Mathias Bynens

ECMAScript regular expressions are getting better!

· tagged with JavaScript, Unicode

Support for regular expressions was added to ECMAScript 3 in 1999.

Sixteen years later, ES6/ES2015 introduced Unicode mode (the u flag), sticky mode (the y flag), and the RegExp.prototype.flags getter.

This article highlights what’s happening in the world of JavaScript regular expressions right now. Spoiler: it’s quite a lot — there are more RegExp-related proposals currently advancing through the TC39 standardization process than there have been updates to RegExp in the history of ECMAScript!

We’ll discuss the following proposals:

Keep in mind that these proposals are still in the process of being standardized, and as such, their syntax and APIs are subject to change. The descriptions and code examples in this article match the latest versions of the proposals at the time of writing. These proposals can make it into ES2018, at the earliest.

dotAll mode (the s flag)

By default, . matches any character except for line terminators:

/foo.bar/u.test('foo\nbar');
// → false

(It doesn’t match astral Unicode symbols either, but we fixed that by enabling the u flag.)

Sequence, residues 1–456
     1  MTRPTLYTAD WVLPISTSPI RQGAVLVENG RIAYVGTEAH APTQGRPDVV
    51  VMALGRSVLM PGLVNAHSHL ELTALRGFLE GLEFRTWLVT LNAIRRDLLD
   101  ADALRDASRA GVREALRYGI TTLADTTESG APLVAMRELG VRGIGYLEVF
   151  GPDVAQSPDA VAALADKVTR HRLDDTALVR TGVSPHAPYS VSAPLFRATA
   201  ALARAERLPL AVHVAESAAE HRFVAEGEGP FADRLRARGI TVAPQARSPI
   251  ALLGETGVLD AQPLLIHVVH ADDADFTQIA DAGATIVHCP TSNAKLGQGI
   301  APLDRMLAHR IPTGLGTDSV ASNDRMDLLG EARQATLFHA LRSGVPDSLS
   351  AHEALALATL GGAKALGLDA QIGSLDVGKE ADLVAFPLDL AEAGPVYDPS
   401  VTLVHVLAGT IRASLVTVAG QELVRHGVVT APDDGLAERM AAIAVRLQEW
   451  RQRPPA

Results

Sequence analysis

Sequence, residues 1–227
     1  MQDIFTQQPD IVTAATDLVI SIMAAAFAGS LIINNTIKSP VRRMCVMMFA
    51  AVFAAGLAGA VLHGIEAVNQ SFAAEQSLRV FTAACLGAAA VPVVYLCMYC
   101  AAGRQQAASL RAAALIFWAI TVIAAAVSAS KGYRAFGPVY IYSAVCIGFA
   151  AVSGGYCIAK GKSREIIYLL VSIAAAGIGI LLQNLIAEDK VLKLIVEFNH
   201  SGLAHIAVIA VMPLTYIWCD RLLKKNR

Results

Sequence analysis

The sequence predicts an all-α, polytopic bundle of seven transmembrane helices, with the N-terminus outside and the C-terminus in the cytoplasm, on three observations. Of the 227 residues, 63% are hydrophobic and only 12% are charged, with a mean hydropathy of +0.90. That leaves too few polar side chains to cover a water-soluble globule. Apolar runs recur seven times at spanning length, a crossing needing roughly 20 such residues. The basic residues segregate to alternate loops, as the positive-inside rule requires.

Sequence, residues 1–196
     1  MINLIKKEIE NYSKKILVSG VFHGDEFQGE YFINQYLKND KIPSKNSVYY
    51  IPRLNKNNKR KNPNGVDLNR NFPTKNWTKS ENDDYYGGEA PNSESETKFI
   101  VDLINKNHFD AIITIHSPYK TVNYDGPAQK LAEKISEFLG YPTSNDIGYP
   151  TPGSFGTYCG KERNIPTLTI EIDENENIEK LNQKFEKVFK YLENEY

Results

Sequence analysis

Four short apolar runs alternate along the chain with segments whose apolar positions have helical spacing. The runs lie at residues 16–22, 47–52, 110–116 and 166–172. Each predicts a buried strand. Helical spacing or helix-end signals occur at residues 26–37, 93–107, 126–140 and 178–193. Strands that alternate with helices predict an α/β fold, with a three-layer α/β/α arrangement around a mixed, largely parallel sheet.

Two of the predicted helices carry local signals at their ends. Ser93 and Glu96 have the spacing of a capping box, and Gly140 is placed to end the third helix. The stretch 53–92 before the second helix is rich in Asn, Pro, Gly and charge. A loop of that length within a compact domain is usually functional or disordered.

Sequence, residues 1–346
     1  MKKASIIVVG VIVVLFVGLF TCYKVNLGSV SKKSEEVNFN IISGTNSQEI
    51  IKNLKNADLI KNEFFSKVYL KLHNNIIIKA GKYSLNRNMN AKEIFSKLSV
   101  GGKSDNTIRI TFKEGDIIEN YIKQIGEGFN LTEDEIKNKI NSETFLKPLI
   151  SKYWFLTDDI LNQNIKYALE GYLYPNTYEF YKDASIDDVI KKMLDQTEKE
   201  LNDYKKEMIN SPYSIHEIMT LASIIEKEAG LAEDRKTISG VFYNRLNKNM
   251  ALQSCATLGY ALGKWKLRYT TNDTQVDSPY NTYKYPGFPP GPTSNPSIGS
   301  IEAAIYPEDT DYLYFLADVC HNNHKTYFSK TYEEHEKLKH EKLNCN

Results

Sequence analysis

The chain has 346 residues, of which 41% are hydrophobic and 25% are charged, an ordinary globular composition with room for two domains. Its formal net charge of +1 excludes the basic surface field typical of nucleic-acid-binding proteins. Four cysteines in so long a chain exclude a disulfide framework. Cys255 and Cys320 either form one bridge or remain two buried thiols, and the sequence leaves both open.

A proposal introduces dotAll mode, enabled through the s flag. In dotAll mode, . matches line terminators as well.

/foo.bar/su.test('foo\nbar');
// → true

Lookbehind assertions

Lookarounds are zero-width assertions that match a string without consuming anything. ECMAScript currently supports lookahead assertions that do this in forward direction. Positive lookahead ensures a pattern is followed by another pattern:

const pattern = /\d+(?= dollars)/u;
const result = pattern.exec('42 dollars');
// → result[0] === '42'

Negative lookahead ensures a pattern is not followed by another pattern:

const pattern = /\d+(?! dollars)/u;
const result = pattern.exec('42 pesos');
// → result[0] === '42'

A proposal adds support for lookbehind assertions. Positive lookbehind ensures a pattern is preceded by another pattern:

const pattern = /(?<=\$)\d+/u;
const result = pattern.exec('$42');
// → result[0] === '42'

Negative lookbehind ensures a pattern is not preceded by another pattern:

const pattern = /(?<!\$)\d+/u;
const result = pattern.exec('€42');
// → result[0] === '42'

Named capture groups